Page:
Many of us have been forced to move during our lives, but far less of us have personal knowledge as to what it feels like to be forced into servitude in a foreign land. Maybe we have one or two, here today that have been a prisoner of war in the modern era, or know of someone who has. Yet, most of us have heard of the Syrian Refugees who have been forced to flee from their homeland as the ravages of war smite and smash their former homes. When one is forced to leave one’s home, for major lengths of time, losing everything of which they once possessed, one adds the loss of identity to the list of losses; and as time drags forward, the lengthening list continues – pulling the individuals involved deeper into the abyss. They are forced into a situation where they lose control over their lives, in every possible way. As time moves on their core beliefs begin to break down. They become angry. Their old understanding of God dies. They begin losing their frame of reference. Ultimately, many begin to lose their faith in God. At best, their understanding of God goes through a dramatic change.
It is at this point that the role of the Prophet becomes critical!
Juliana Claassens, Professor of Old Testament in South Africa, explains: “The job description of the prophet contains among other less than coveted tasks the ability to speak a life-giving word of hope when all the events seem to point to the contrary.” The ultimate challenge is to help a broken people regain their faith and belief in God. The Prophet’s job is to build a space for trust, to build between these lost people and their understanding of God, although by now it has diminished to a point where the most they might affirm is that there is a power greater than themselves.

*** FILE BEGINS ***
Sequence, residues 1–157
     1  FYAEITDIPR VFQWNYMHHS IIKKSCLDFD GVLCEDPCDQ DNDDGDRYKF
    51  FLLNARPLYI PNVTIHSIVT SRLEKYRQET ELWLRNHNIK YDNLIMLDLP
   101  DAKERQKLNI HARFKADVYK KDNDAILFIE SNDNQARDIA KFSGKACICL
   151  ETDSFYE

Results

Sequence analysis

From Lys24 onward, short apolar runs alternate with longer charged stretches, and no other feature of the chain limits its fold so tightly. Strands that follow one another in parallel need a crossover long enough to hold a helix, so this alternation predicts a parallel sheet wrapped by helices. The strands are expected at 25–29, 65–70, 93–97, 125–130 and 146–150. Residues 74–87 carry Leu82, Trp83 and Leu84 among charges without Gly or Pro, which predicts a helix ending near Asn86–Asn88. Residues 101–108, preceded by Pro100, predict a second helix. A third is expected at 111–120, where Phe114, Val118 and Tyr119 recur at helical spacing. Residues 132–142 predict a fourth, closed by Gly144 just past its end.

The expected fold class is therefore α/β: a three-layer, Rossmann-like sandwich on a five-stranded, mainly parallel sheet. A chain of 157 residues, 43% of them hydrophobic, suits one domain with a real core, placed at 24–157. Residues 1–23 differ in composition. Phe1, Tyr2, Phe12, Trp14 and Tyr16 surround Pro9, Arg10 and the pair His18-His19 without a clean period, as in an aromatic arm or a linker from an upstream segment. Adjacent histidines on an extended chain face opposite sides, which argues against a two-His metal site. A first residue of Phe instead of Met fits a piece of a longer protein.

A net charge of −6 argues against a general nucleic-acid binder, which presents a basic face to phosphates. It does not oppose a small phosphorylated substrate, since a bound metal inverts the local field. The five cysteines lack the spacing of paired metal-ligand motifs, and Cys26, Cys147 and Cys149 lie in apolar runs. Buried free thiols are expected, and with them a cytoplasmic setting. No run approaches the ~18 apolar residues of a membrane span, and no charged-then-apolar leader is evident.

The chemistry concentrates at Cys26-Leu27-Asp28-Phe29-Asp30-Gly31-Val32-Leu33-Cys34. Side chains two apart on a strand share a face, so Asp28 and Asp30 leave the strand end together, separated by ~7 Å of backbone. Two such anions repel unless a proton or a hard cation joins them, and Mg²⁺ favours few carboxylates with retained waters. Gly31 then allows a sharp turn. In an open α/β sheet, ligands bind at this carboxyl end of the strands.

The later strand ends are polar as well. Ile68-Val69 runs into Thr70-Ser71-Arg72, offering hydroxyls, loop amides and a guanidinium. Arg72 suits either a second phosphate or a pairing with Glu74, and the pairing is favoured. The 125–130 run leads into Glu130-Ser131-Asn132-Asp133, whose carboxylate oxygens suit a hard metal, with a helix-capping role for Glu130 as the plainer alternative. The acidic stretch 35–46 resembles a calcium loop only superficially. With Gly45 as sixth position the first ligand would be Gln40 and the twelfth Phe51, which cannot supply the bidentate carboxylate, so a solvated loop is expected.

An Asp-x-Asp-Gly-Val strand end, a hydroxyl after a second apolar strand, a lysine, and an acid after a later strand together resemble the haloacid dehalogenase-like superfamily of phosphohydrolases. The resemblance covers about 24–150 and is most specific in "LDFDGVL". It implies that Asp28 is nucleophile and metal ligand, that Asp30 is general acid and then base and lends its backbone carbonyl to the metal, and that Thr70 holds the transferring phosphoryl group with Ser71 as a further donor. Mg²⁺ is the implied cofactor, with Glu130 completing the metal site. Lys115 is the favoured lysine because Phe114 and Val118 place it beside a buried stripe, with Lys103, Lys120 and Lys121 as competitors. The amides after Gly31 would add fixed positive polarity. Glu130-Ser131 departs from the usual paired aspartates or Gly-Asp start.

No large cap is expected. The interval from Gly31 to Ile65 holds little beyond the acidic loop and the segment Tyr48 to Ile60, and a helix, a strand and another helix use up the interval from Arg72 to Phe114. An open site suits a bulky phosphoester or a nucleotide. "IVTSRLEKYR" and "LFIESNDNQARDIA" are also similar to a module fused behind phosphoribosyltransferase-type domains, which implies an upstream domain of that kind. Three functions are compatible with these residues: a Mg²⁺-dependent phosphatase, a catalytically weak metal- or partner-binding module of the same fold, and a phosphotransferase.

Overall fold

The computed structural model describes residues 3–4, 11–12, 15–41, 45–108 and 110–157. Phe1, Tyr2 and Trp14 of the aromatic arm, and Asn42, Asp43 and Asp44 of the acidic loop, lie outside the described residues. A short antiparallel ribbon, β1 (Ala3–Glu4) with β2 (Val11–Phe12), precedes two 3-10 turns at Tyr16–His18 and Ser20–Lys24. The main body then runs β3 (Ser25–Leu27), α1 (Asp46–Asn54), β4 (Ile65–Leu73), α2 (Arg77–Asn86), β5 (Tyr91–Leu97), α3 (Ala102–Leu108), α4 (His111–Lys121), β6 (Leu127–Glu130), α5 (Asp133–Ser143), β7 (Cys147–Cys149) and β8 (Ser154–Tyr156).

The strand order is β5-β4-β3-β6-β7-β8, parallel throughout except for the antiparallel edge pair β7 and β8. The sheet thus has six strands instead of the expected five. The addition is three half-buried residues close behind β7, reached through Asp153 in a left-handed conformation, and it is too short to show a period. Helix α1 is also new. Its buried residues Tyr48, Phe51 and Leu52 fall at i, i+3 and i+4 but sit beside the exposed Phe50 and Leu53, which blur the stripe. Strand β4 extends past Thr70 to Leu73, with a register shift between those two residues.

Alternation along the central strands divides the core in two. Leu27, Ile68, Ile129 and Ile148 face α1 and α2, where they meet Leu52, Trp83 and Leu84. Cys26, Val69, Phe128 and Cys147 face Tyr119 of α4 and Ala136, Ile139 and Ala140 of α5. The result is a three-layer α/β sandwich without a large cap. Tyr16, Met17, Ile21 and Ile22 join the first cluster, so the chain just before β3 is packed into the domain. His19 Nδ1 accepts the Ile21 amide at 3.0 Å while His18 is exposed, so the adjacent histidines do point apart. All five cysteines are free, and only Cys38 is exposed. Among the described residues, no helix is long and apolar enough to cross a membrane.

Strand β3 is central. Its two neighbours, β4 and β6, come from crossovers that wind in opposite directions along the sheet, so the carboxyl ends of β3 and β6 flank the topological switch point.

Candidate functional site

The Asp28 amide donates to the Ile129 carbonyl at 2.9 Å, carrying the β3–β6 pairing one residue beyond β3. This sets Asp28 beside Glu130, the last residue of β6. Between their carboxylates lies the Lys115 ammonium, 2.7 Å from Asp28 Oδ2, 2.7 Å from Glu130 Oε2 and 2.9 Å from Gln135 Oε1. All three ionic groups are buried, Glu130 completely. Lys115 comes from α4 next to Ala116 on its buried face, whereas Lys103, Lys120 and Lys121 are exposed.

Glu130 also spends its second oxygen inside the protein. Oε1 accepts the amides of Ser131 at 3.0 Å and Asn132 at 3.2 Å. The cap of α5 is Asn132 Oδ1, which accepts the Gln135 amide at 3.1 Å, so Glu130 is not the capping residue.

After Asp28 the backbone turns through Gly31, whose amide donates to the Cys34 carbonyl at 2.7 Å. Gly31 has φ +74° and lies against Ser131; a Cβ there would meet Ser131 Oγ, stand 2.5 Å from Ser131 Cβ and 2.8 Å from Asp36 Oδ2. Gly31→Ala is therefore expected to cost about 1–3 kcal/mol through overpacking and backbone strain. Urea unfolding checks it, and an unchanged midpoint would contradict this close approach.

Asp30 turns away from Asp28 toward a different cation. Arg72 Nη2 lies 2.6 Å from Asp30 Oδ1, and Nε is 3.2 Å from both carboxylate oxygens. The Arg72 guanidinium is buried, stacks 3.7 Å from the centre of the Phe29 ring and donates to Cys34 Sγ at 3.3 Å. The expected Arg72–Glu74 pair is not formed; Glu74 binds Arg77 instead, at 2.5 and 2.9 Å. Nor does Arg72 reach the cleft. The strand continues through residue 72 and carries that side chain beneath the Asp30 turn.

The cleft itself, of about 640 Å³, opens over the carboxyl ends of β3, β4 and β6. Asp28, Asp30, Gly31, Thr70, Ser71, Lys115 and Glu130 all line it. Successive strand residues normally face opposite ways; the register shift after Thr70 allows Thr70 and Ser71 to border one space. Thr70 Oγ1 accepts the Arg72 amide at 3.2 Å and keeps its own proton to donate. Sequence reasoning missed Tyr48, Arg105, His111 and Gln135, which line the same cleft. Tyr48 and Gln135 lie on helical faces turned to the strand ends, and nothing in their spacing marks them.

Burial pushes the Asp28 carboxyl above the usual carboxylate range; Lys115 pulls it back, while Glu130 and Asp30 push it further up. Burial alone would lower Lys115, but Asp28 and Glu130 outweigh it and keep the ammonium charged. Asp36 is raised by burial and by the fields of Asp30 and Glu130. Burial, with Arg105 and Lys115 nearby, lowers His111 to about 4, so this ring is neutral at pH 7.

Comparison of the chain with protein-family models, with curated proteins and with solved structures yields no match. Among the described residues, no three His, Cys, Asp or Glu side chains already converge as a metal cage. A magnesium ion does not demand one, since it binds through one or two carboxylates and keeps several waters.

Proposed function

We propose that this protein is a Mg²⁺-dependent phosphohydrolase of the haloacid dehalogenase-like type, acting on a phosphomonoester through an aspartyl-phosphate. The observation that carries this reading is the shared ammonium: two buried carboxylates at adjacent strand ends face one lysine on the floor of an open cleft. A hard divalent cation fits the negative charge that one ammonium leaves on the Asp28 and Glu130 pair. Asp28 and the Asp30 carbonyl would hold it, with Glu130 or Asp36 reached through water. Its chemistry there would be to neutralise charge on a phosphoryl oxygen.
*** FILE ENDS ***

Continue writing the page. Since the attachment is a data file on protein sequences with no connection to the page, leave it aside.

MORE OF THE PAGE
The Prophet must begin a process through teachings and conversations that will make a space in a person’s mind and heart where they will begin the process of rebuilding their understanding of God; thereby regaining a sense of hope. On this, a new identity of a God that they can bring into their hearts during troubling times, can be reborn.
How do we rebuild spiritual identity? It is believed that we must start with our core beliefs, and then begin building on this, thereby helping ourselves to begin to ‘hope for’ and even ‘believe again’ in a new beginning. We must renew our willingness to cling to a thread of hope, hope that will drive away our despair and doubts. Once again, or for the first time, we come to believe that redemption, recovery and liberation, salvation even, can come at any moment. It is at this point in the journey that we need to become willing to re-frame our understanding of God as we grow and move away from the abyss, the chasm, and or the void that has pulled us down.